Dinnerware: Table ceramics offer a lot of choice in their glazing styles, and there are many methods for a handcrafted effect. When a reactive glaze is applied, no two pieces are exactly alike. This warm-toned interpretation from Better Homes & Gardens ($50, Walmart) also has a stylish speckle—and with 16 pieces for just under $50, it’s a steal.

Planters: Outdoors, ceramic planters bring the handcrafted aesthetic to your garden, porch or patio. Look for natural elements like terracotta, stone, and ceramic glazes.

Candles: Candles are always a quick, easy and fragrant way to introduce a trend anywhere in your home. Opt for ceramic containers with artistic glaze treatments, like dipping and subtle colors, for the most contemporary take. Add a ceramic Better Homes & Gardens candle ($20, Walmart) to your space to achieve the look.

Tactile Textiles

Nubby, slubby, knotted, tasseled, fringed and made to be touched. Handcrafted textiles put texture and technique on display—think flat or coarse loom weaves, tufted or looped constructions, and chunky knits. Needlework like quilting or kantha-style stitching add visual and textural interest, along with more intricate applications like embroidery or crochet.

Decorative Pillows: Possibilities truly are endless when it comes to pillows with a handcrafted look. Knits lend softness, while other textures might be subtly executed in a monochromatic weave. For real statement-making impact, select designs that feature an amorphous mix—maybe an asymmetrical patchwork of flat and tufted weaves, a geometric hi-lo pattern, or tassel trimming like these Better Homes & Gardens looped pillows ($25, Walmart).

Table Linens: How to complement dinnerware with a handcrafted style? Linens like runners, napkins and place mats with a handwoven look, of course. Slubby textures and fringe trim are a soft contrast against wood tables and metal cutlery, and bring laid-back luxuriousness to the dining experience.

BHG Dave and Jenny Marrs Indoor Walmart Collection baskets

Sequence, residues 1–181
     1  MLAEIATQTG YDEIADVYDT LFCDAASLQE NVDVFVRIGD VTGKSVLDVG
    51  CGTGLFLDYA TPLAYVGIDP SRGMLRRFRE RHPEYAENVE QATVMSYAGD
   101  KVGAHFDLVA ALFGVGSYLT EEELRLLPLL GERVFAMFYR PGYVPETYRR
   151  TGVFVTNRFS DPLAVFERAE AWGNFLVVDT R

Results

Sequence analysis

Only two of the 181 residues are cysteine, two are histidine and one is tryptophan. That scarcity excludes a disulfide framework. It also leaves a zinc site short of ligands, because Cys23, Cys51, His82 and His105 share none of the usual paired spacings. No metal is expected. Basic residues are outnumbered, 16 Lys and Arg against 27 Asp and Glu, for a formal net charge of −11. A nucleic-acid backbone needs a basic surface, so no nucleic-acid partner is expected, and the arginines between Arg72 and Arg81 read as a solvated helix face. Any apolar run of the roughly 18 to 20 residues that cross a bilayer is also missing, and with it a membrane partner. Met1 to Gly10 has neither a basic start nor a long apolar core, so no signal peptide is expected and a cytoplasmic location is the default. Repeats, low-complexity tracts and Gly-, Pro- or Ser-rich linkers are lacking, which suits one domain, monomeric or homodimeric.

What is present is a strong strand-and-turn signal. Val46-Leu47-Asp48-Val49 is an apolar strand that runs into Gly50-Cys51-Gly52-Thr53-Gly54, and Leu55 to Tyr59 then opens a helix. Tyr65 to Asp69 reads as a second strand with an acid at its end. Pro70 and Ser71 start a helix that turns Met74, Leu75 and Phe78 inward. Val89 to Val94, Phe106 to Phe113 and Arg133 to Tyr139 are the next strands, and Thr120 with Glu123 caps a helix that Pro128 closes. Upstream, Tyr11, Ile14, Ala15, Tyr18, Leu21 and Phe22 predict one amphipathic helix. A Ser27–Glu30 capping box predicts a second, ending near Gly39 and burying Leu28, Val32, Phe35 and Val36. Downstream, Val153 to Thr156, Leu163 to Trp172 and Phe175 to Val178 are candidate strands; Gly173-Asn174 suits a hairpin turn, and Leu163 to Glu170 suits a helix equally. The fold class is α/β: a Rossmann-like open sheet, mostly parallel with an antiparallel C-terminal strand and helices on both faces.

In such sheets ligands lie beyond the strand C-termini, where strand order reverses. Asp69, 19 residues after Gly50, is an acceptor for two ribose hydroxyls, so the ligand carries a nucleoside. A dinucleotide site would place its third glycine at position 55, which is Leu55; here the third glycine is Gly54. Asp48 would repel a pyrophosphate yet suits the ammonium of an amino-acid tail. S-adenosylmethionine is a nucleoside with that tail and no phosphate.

Courtesy of Walmart

Natural Weaves

From branches to bamboo and reeds to grasses, the weaving of natural materials into items for domestic use has been in practice for centuries, and maybe even millennia. And while you can spend a lot of money on intricate or historical examples, a wide range of inexpensive options are plentiful. You can find small decorative objects with handcrafted styling and even larger furniture with caning or roping.

Baskets: The handcrafted hero of organization, woven baskets can be structured (think wicker or willow) or collapsible (think sisal or cotton roping). Weaves might be tighter or more permeable depending on the style of the weaver and the type of material—don’t forget to consider the future contents when making your selection. Try using a pair of chunky Better Homes & Gardens baskets ($55, Walmart) to gather throw blankets and pillows.

Occasional furniture: Less expensive and easier to move around than, say, a wicker sofa or a teak table, occasional furniture items like end tables, ottomans and benches with a handcrafted touch are an attractive solution.

Rugs: Here’s a hard-to-tell-its-not-handcrafted secret: Some tonal synthetic fiber rugs look just like handwoven natural jute (like this Better Homes & Gardens outdoor rug, $78, Walmart), but they’re actually longer-wearing, water resistant and a fraction of the cost. You’re welcome.